If I seem to be making light of the glitches in J’s labs, please, don’t think it’s because I don’t consider them important. Quite the contrary. I have been working on how to work on those. The whole process can be frustrating because J eats a very healthy diet (well…I’ll be honest: a lot healthier than the average 21 year-old,) and there seem to be side effects that hinder him regardless of what adjustments we make here. I always say that if he drank beer, smoked, partied, ate pizza 24/7 and played video games while downing Red Bulls he’d probably weigh 70 pounds less than he does. As it is, my yogurt-eating, vegetable-loving, one-soda-a-day, only-ten-jellybeans-a-day, controlled-portion son is far from slender. He works out. He sleeps well. He doesn’t overeat, he has a vegetable or fruit represented in each meal, limited amounts of cheese and bread and butter…and he is gaining weight.
I know the Risperdal plays a role in all this. I understand. I am smart enough to know that, and to accept that, no, Risperdal doesn’t make him accumulate fat, but it does fuck up his metabolism in ways that only a person with a doctorate in Chemistry might be able to explain. I am at peace with that, but I still proactively think of what I can do to help J. His health is important to us. We love him. We respect him. We want him to live as full a life as possible.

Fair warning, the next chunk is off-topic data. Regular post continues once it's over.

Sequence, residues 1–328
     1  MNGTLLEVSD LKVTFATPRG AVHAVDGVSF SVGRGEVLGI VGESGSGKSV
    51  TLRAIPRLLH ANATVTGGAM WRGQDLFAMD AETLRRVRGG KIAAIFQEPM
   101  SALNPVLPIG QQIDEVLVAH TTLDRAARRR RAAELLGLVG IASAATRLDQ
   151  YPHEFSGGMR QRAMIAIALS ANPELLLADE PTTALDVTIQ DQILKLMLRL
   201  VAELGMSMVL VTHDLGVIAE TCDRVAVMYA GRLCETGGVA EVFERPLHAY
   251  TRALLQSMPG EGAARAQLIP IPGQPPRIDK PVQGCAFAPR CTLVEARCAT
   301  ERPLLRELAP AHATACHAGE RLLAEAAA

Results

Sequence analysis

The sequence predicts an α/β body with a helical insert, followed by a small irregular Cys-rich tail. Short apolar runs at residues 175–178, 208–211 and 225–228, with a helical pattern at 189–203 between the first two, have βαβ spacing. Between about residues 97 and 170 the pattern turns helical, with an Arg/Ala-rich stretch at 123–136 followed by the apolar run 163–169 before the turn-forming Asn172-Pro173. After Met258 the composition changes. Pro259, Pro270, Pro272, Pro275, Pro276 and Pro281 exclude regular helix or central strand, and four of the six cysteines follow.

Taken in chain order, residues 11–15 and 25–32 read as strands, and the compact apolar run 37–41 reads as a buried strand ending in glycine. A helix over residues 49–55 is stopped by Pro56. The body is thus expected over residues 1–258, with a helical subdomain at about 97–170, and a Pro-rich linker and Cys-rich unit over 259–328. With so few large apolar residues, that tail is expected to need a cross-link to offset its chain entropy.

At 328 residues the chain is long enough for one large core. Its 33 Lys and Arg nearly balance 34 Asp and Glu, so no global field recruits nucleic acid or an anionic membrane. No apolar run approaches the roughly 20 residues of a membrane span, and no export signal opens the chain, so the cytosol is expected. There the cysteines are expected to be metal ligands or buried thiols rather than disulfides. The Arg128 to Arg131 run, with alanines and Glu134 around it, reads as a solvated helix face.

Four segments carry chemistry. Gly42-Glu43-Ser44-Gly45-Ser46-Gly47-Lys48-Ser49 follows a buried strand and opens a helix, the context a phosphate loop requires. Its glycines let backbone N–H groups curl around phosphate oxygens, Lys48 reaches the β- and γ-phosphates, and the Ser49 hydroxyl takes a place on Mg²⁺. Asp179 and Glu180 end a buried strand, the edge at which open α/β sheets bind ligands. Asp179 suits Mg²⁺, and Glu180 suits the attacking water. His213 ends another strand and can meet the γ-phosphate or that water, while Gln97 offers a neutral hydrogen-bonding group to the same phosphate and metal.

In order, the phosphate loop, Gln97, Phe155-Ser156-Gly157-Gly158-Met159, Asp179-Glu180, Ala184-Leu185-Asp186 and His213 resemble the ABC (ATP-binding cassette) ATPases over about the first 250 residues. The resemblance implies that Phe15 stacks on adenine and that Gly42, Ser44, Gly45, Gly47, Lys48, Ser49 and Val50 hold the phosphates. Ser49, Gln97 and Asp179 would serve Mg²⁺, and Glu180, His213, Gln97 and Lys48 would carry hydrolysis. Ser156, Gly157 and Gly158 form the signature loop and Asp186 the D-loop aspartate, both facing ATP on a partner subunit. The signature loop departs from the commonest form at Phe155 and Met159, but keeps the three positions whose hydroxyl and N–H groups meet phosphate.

So there you are…things are mostly good, but naggingly bad in a minuscule way. We work on it. We always do. We hope it will have positive results, but we are realistic.
Tomorrow J turns 22. We will have for him a small cake (yeah, I KNOW…should he be eating cake???? Yes, he should…it’s his birthday, and he’s not planting his face in it and making a pig of himself, thank you,) and he’s going to get his hot dog at Five Guys. That’s his birthday treat. Birthday presents can be difficult, but we are thinking he’s ready for a refresh of his bedroom decor. You have no idea how much he enjoys seeing his curtains, bedding, furniture refreshed, renewed, changed around. He likes bold patterns, and light, and color. He is very comfortable with the fact that he likes masculine stuff with touches of botanical prints, and butterflies covering his fairy lights, and semi-naked women decorating his walls. He loves his stuffed toys, and he takes pride in making his room a sanctuary that appeals to his taste and idea of comfort.
J is going to be 22; he is closer to knowing, for the most part, what I didn’t know at that age: who he is, what he likes, whether he cares or not about what others think of him. We think that’s important, and we are pretty proud of how far he’s come in terms of self-knowledge…even if it is riddled with anxiety from time to time, and he still needs us a lot. That’s what we’re here for, isn’t it? For him? Yeah…I think so, too.